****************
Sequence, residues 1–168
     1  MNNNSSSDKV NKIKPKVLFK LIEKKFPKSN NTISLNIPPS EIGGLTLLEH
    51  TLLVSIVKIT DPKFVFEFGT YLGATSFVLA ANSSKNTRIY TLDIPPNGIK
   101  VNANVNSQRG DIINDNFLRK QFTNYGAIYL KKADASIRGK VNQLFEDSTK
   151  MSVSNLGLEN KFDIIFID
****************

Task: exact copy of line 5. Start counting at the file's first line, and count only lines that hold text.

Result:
   151  MSVSNLGLEN KFDIIFID